Mark Bostock asked a question of the Chairman of the Board of Governors of the City of London School for Girls concerning the future of the City of London School for Girls within the Barbican Estate, asking whether the proposed expansion within the Estate could be reconsidered and if thought could be given to a long-term expansion strategy outside the Barbican Estate.


Responding, the Chairman outlined the rationale and requirement for the expansion proposals and assured Members that significant thought had been given to them, with the Board’s firm belief being that they represented the best way forward in continuing to deliver a world-class education to pupils. He emphasised that the School valued its place at the heart of the Barbican Estate deeply and, to that end, had worked closely with the local community in developing its plans for expansion, including regular meetings with Barbican House representatives. The School was currently undertaking an extensive consultation process, the findings of which would be considered fully prior to the development of a preferred scheme. This would be subject to a full and robust planning application process, following which, it would be for the usual committees to consider the proposals, including the Planning & Transportation Committee, in the normal way.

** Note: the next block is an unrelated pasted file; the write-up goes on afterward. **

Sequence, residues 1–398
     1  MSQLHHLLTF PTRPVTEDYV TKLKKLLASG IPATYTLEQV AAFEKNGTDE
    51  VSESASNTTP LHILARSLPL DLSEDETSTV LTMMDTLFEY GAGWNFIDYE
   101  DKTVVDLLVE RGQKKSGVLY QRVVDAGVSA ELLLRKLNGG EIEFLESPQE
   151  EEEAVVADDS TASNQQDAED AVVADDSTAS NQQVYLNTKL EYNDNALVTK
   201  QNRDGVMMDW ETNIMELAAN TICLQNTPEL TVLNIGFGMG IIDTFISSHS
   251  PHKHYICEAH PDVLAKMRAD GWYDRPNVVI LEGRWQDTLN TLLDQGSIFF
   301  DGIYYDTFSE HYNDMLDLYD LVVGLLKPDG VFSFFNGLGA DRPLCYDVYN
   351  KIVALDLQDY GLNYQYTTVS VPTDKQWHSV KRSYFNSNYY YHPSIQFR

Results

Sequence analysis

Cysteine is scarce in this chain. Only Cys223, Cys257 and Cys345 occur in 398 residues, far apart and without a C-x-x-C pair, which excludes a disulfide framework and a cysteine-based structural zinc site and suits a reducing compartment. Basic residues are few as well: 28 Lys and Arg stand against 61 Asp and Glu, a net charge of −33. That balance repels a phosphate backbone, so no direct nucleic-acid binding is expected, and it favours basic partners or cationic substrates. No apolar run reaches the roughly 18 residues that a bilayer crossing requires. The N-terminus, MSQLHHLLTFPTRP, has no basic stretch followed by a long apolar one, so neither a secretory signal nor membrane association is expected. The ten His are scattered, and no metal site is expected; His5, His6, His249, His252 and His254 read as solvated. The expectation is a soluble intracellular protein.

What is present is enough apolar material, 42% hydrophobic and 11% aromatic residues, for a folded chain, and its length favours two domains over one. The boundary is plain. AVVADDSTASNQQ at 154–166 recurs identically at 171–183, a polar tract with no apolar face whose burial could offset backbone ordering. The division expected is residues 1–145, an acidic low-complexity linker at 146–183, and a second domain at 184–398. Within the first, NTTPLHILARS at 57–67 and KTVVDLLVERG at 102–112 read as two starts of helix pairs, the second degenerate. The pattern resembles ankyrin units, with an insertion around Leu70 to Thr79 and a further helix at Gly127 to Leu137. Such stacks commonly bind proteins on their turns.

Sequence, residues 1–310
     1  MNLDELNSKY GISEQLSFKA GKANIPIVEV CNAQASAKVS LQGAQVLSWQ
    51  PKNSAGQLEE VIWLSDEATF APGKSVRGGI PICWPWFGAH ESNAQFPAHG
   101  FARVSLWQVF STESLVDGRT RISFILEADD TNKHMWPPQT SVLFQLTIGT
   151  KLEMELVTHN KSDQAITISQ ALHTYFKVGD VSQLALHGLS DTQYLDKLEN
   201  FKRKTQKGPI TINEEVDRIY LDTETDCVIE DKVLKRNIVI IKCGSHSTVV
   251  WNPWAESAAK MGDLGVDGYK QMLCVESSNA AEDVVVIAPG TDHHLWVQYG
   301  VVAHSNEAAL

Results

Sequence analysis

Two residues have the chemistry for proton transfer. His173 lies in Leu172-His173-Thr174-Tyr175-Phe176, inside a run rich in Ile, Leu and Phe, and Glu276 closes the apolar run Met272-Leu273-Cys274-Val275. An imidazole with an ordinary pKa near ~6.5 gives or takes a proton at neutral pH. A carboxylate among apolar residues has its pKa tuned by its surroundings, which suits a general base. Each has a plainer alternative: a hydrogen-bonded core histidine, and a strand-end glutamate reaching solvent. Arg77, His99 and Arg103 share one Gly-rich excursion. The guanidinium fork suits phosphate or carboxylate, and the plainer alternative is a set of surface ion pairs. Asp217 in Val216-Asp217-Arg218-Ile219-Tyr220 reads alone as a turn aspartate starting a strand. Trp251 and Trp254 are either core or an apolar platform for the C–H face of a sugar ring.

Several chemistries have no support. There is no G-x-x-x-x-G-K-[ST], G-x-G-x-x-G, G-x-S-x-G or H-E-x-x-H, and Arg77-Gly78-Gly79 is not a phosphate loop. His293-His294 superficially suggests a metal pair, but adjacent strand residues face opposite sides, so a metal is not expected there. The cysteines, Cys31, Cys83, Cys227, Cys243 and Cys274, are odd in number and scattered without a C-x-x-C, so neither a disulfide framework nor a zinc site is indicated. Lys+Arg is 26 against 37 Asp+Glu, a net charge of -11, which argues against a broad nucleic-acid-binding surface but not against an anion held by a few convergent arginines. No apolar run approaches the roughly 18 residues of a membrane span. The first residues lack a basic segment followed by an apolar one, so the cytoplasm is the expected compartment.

Mark Bostock asked a supplementary question, in which he drew the Chairman’s attention to a petition with over 3000 signatures to save the Barbican Estate from harmful development arising from the School, seeking assurances any further developments would take place outside of the Barbican Estate. Responding, the Chairman advised that the Board had considered a number of options, within and without the Estate, and that the preferred option was that which was currently being developed. He stressed that the School had long been part of the fabric of the Barbican Estate and had worked hard to be good neighbour; whilst the School had changed over the years, it was not the only element within the Estate which had done so. He observed that the Estate was a living community which needed to continually evolve to meet needs of all stakeholders. In coming to a view on any proposals, the planners would inevitably balance any perceived harm with the anticipated benefits that would accrue from any expansion – as would the Planning & Transportation Committee. The Chairman suggested that it would be appropriate to leave such judgments to them, rather than speculate prior to proposals being submitted.